by Rachael Anderson
I’ve always had a problem with ticket touts – walking along the road on the evening of a gig, getting pounced on by scruffy, usually fat, balding men shouting in your ear ‘buy or sell tickets’ or ‘do you need tickets love’. I choose to ignore them but have to bite my lip and resist the urge to say something, usually letting rip a few minutes later on Twitter or my poor friend that’s come with me.
Thursday evening saw Channel 4 air ‘Dispatches: The Great Ticket Scandal’ and little did I know, the ticket touts that stand outside Brixton Academy four nights a week aren’t the problem at all. I wasn’t able to watch it live and follow what I’m sure was a very interesting Twitter debate but I knew it had been quite groundbreaking when I came out of the NME Awards tour to a number of texts telling me how angry I’d be when I watched it.
So when you put things into perspective Concert Promoters are just as bad, maybe even worse than the secondary outlets. They are the ones supplying the sites with the tickets in the first place, not to mention the fact that the promoter receives 90% of profit made leaving the ‘secondary ticketing’ site with the remaining 10%.
So, what exactly did the documentary reveal? Dispatches went undercover at two of the UK’s biggest ‘Secondary Ticket’ companies, and boy did they uncover some secrets. It turns out that they are in fact given an allocation to some of the UK’s biggest events before they go on sale to the general public. By who? The promoters. The programme revealed that concert promoters give Viagogo a large allocation of tickets to their biggest shows. Surprised? I was too.
Dispatches pinpointed a number of artists who’s shows had been targeted; Rihanna and Take That being two of them whilst the main focus was on Coldplay with the promoter having said to have given the secondary ticketing company 1000 tickets for each of their upcoming summer stadium shows. 1000 tickets!?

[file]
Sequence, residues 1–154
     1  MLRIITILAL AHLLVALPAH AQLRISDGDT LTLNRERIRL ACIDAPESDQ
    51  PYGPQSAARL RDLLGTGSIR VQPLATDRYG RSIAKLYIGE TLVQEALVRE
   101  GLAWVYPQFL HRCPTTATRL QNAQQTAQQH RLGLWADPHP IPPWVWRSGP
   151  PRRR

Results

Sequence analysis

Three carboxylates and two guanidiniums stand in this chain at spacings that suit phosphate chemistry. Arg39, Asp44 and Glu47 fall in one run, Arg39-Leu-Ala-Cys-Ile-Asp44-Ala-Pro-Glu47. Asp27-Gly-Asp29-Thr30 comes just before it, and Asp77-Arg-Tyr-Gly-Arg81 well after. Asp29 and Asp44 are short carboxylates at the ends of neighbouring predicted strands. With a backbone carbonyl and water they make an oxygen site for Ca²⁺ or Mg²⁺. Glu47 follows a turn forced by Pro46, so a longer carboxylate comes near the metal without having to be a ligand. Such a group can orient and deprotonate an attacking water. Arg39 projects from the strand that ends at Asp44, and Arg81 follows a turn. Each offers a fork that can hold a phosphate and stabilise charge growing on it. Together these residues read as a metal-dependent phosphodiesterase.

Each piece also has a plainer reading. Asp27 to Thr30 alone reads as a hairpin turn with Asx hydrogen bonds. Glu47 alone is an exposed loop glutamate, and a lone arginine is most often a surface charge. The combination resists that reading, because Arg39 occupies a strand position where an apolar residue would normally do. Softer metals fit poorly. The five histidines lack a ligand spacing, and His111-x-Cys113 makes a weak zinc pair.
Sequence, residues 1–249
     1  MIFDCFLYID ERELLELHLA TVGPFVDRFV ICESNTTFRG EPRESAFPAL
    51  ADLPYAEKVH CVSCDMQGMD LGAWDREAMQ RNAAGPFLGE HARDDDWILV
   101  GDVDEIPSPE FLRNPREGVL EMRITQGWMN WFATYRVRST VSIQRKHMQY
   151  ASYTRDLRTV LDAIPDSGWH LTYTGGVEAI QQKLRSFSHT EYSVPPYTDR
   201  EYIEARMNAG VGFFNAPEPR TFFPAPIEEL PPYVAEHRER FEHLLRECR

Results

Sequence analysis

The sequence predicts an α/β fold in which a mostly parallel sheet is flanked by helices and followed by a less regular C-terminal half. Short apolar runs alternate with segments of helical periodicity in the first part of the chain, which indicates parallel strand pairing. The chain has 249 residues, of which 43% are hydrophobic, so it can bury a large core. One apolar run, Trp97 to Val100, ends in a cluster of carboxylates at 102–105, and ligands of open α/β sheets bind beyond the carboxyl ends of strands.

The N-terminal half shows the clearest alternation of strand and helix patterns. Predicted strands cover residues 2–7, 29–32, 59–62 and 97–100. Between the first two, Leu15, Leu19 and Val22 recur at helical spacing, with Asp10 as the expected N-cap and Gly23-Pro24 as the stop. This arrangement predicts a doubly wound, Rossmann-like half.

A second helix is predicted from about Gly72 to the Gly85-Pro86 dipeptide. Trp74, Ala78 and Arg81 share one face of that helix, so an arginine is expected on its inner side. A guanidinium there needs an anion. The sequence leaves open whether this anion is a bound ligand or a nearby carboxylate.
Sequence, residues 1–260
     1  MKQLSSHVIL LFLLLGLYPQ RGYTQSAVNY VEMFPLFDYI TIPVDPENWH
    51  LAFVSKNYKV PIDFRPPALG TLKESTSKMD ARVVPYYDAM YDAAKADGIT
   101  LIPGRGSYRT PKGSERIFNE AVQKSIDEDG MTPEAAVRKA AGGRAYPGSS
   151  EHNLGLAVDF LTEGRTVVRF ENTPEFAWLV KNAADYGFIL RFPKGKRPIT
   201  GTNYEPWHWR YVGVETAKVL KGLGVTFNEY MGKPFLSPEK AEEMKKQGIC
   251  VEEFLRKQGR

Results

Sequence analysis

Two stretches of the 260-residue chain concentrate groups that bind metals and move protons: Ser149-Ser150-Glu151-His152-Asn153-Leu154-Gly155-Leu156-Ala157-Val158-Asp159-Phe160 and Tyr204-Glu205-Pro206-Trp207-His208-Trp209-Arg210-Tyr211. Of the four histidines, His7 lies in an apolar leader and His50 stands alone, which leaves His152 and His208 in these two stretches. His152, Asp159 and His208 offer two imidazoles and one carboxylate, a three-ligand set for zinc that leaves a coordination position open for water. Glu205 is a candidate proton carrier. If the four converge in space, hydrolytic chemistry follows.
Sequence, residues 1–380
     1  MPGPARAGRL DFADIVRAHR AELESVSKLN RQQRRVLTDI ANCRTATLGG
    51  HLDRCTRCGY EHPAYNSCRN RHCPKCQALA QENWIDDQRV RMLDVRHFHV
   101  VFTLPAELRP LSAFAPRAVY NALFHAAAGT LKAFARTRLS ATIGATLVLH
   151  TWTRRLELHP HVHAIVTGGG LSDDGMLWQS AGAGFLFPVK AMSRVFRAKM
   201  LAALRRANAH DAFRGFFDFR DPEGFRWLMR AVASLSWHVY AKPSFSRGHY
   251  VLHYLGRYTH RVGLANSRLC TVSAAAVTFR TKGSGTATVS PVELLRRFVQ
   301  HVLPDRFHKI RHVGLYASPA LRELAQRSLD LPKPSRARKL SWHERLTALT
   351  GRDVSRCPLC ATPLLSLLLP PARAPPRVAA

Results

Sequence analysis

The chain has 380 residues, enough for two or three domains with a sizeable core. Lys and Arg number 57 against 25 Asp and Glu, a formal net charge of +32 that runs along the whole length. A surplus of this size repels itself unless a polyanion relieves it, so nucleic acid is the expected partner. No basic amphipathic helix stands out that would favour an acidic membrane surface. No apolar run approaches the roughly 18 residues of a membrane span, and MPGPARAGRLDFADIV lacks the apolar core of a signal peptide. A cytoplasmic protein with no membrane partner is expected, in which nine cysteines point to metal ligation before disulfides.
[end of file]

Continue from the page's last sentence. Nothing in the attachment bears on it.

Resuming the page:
Wait, it gets better. In the incident of the secondary ticking company receiving no allocation from the promoters, they log on just like you or me on a Friday morning to buy the tickets themselves. How I hear you ask? Well the documentary showed a plastic wallet full of credit cards registered to the names and addresses of hundreds of their employees.
They’re really quite cheeky aren’t they?
When the programme finished I wasn’t as angry as I thought I’d be, I was more disappointed. (always worse isn’t it?) The thought that trusted companies operate like that on a daily basis had really shocked me; but where do we go from here? Surely the government has to do something, or bring some sort of legislation in because it’s just got out of hand now.
MP Sharon Hodgson tried to pass a bill through parliament in January of last year but it was talked out by Conservative MPs. This hasn’t stopped her trying, she is even more determined than ever for the government to step up and take action. The bill she is proposing to pass through parliament would see event organisers prevent their tickets from being resold by unauthorised retailers for a price greater than 10% above the ticket’s face value.
I feel like I’ve been quite naïve in blaming the touts outside the venues when all along it was businesses that the public trust. People have said to me – I’m not surprised, why are you? Maybe I shouldn’t be. After all the music industry is a highly commercial business in which making money is becoming a lot harder to do. It’s great that a figure like Sharon Hodgson is getting involved and is actively trying to put legislation in place. My worry? That not enough people will listen to what she has to say and in five/ten years down the line nothing would have changed. But it’s about time we started to change for the better in this country, isn’t it?